The authors commemorate the "founding mothers", women pioneers in nuclear science: Ida Tacke Noddack, Marie Curie, Irène Joliot-Curie, and Marguerite Perey are well known. Lise Meitner coined the term nuclear fission, and should have shared the Nobel prize with Hahn. Chien-Shiung Wu’s experiments confirmed Yang and Lee’s hypothesis of parity violation, for which they (but not she) became Nobelists. Maria Goeppert-Mayer finally achieved a professorship after she shared the 1963 Nobel prize for the shell structure of the nucleus.

Lise Meitner, although unhappy in Stockholm, refused to go to the United States during the War, and would have nothing to with the bomb. Rotblat withdrew from the Manhattan project when it was clear that the Nazis were not developing nuclear weapons, working on rockets instead. But many of the scientists associated with these devastating weapons--Einstein, Fermi, Szilard, Teller, Wigner--were refugees from Europe, where nuclear physics had come of age. Knowing the dangers of Nazism they expected the bomb to save lives.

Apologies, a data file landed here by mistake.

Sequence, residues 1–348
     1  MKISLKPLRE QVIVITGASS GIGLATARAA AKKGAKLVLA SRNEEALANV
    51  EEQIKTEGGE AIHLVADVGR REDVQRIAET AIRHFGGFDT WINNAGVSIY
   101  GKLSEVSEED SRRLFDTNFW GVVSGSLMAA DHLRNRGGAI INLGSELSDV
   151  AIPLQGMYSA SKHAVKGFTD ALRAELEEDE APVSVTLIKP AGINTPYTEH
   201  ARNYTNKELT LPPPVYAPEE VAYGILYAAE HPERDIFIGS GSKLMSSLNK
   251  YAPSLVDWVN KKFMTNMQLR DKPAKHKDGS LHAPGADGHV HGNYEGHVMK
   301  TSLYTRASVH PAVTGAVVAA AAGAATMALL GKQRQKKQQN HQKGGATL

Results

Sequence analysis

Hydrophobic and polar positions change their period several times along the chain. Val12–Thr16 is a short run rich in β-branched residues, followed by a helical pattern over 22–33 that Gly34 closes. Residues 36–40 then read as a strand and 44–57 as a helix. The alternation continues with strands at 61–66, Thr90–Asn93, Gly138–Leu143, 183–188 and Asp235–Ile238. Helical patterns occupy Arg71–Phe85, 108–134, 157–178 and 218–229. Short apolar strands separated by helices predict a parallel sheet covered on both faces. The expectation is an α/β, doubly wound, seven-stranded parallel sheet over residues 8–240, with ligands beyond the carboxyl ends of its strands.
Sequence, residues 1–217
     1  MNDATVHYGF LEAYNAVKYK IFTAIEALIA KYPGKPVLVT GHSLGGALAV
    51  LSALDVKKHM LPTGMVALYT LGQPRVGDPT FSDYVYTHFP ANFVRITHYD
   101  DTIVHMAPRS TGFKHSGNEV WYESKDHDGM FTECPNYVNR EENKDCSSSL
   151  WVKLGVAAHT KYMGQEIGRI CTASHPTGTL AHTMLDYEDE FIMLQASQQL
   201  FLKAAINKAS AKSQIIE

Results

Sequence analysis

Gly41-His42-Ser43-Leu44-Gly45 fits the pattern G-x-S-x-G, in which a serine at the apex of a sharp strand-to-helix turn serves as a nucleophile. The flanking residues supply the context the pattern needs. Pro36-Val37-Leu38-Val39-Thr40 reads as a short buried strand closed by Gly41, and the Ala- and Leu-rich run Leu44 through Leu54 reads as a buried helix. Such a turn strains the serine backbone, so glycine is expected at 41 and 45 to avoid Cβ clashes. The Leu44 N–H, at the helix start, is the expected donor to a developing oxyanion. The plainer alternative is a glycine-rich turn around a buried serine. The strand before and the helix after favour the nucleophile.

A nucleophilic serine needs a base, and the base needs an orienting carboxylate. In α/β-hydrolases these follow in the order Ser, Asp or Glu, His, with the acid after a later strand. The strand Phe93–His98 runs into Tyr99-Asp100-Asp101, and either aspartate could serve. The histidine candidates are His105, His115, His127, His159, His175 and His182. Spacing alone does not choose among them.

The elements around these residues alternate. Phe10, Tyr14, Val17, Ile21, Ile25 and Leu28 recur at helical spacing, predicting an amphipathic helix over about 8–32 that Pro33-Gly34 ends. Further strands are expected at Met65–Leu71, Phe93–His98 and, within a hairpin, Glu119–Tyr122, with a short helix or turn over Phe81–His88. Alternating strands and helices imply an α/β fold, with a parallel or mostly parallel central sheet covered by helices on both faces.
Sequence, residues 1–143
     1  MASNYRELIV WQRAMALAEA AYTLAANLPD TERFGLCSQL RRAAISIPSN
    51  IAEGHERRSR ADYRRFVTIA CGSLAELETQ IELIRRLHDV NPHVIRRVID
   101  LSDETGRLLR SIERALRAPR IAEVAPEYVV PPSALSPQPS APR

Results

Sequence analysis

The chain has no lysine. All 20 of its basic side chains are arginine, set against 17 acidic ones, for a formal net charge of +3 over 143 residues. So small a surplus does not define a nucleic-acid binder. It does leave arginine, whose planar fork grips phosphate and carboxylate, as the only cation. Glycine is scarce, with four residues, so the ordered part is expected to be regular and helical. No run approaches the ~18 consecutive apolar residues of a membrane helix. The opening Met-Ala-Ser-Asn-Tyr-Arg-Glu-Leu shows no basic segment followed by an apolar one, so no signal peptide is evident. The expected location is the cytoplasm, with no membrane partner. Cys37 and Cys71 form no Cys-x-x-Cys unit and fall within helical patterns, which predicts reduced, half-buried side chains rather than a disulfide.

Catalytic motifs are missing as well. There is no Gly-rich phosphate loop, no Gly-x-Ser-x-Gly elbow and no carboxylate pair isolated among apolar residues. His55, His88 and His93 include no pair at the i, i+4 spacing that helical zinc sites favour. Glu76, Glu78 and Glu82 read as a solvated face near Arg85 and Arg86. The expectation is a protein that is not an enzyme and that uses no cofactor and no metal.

Successive chapters commemorate the physicists, chemists, mathematicians and calculators, biological and medical scientists, technicians, truck drivers, switchboard operators, secretaries and clerks. The categories are deceptive: many so-called secretaries carried major administrative responsibilities. General Leslie Groves, who headed the project, selected first one and then another highly competent executive officer, who was then assigned to other urgent duties. "Consequently", he recorded in 1962, "I ... relied instead upon my chief secretary, who became my chief administrative assistant. With her exceptional talents, and her exceptional capacity for and willingness to work, Mrs O’Leary more than fulfilled my highest expectations." We hope, but doubt, that her pay was commensurate with her responsibilities. Jean O’Leary was barely 30, recently widowed with a small daughter, when she was assigned to Groves. The General was described as being rough on secretaries, showing a complete lack of consideration for his subordinates" feelings, almost never dispensing praise!